Waymo takes next step with fully self-driving vehicles
After more than eight years of development, Waymo says it has taken the next step with its fully self-driving technology. It announced that its vehicles are test-driving on public roads, without anyone in the driver’s seat. In the Phoenix area, a subset of its fleet will operate in fully autonomous mode, with Waymo as the sole driver. Over time, the company says its cars will cover a region that’s larger than the size of Greater London.
The latest announcement comes two years after Waymo says that it completed the world’s first fully self-driving trip on public roads, when legally blind Steve Mahan traveled from a park to a doctor’s office without anyone in the driver’s seat.
That ride offered a glimpse into the technology that company engineers have been working on since Waymo started as a Google project in 2009. Since then, its vehicles have driven more than 3.5 million autonomous miles on public roads across 20 U.S. cities. At its private test track, company engineers have run more than 20,000 individual scenario tests, and the company says its software drives more than 10 million miles every day. Its vehicles are equipped with the safety features necessary for full autonomy including backup steering, braking, computer, and power systems.
Waymo says it is looking to reimagine transportation, from ride-hailing and logistics to public transport and personal vehicles. Its specific focus is on shared mobility rather than on personal ownership model, giving access to a fleet of vehicles so that more people will be able to experience the technology sooner. The first application of Waymo’s fully self-driving technology will be a driverless service. Participants in its early rider program will be among the first to use the vehicles.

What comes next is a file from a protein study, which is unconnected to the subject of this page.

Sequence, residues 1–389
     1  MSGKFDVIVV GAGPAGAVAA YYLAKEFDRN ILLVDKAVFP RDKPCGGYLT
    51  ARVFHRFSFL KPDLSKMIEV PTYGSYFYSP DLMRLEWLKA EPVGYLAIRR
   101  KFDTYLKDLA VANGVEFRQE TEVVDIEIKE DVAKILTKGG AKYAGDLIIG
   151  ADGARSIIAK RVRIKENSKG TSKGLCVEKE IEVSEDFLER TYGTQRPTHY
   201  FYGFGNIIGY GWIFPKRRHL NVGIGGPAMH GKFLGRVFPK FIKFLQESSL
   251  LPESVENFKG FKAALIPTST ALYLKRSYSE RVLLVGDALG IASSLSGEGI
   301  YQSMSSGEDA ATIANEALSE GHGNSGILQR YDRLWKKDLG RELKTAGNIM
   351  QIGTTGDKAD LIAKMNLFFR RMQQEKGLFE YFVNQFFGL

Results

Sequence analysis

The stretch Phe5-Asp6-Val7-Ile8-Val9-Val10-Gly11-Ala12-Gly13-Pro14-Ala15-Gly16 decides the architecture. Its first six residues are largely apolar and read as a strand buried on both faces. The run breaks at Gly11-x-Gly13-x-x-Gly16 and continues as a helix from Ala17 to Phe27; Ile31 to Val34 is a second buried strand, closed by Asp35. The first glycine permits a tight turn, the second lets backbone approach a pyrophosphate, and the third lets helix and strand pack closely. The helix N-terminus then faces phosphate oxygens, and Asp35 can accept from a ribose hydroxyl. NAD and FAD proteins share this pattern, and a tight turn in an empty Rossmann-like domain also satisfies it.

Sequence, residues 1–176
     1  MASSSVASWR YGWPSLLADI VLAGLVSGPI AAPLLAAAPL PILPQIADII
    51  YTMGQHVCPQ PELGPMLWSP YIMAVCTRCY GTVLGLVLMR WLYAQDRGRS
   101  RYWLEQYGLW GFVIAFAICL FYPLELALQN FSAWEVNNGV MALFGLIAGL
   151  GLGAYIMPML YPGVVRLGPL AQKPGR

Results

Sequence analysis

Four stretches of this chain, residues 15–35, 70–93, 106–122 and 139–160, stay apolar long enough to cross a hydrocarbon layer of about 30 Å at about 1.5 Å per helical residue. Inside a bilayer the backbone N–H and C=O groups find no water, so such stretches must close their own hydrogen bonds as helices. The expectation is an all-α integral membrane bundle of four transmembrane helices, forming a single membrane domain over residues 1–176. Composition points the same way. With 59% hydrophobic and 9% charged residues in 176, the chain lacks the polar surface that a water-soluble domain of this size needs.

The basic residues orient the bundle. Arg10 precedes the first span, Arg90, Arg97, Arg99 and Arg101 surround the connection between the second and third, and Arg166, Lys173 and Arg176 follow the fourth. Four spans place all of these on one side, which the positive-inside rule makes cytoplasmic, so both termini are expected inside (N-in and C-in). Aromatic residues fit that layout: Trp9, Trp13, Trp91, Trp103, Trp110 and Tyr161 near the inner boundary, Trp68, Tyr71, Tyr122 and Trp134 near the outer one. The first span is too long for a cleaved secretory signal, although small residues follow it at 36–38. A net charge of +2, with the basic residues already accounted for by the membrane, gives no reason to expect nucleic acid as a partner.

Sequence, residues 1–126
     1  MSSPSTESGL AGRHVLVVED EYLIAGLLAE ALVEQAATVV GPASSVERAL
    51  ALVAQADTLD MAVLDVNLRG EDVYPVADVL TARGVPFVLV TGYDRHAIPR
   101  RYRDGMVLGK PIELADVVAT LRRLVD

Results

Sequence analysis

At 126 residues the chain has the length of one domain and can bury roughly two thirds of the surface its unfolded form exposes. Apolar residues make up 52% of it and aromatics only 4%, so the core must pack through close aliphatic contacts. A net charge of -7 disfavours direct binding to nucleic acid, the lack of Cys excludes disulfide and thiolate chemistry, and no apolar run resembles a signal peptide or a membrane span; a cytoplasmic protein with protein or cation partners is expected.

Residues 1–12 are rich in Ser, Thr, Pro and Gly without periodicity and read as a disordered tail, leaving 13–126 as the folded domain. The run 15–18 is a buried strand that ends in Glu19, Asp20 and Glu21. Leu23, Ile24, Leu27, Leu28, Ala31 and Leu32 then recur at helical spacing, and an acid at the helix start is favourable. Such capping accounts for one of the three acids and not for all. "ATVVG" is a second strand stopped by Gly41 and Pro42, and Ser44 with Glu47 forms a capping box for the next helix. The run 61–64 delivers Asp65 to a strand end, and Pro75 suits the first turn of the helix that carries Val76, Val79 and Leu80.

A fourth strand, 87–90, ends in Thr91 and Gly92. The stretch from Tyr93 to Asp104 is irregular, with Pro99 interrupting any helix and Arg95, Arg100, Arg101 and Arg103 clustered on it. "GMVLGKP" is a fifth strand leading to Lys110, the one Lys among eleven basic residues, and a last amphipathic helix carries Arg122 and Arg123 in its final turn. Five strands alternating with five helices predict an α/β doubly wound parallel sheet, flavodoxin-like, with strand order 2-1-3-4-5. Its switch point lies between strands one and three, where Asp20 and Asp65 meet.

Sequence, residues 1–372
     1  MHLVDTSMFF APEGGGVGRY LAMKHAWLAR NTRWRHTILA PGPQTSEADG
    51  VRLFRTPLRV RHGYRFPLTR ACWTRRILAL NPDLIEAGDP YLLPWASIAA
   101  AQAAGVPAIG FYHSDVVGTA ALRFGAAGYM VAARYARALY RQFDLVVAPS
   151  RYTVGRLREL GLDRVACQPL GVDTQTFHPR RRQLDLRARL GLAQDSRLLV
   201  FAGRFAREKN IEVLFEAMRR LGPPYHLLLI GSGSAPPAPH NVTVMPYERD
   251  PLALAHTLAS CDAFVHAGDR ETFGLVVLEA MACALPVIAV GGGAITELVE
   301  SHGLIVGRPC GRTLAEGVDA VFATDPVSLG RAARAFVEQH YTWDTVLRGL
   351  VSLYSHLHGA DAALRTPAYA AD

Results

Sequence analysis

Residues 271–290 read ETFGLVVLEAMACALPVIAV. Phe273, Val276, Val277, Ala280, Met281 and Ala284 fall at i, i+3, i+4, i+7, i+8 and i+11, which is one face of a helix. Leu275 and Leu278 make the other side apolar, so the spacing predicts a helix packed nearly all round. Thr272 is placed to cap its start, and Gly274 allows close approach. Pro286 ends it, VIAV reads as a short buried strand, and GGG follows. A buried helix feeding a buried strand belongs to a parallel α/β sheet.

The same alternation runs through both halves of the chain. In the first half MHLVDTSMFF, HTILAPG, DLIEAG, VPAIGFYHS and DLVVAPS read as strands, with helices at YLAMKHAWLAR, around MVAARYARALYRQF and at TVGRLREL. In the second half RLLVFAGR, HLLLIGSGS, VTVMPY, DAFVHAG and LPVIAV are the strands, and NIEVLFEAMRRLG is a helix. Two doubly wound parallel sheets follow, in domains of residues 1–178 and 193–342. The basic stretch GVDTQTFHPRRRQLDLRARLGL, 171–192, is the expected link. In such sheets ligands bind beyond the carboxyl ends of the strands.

Details of the long development road to today’s announcement was revealed in Waymo’s first Safety Report published in October. The company calls that collection of important lessons learned by its self-driving program a safety playbook developed by engineers, safety experts, product managers, and designers. Its Safety by Design approach includes the processes, techniques, and technologies of a robust testing and feedback loop that applies to hardware, software, and vehicle development.
In addition to extensive testing and validation of more than 3.5 million miles in the real world, billions of miles in simulation, and more at its private facility, the report details the redundant backups for critical safety systems such as steering, braking, backup, and compute power as well as the ability to perform thousands of real-time checks each second to diagnose any issues and safely handle faults. It provides a glimpse into adherence to an “operational design domain” that includes geographic areas, driving conditions, and road types that its system can handle safely and confidently. It also details an interface that helps riders interact with and understand what our vehicles are doing on the road, which includes a rider support system to answer trip questions.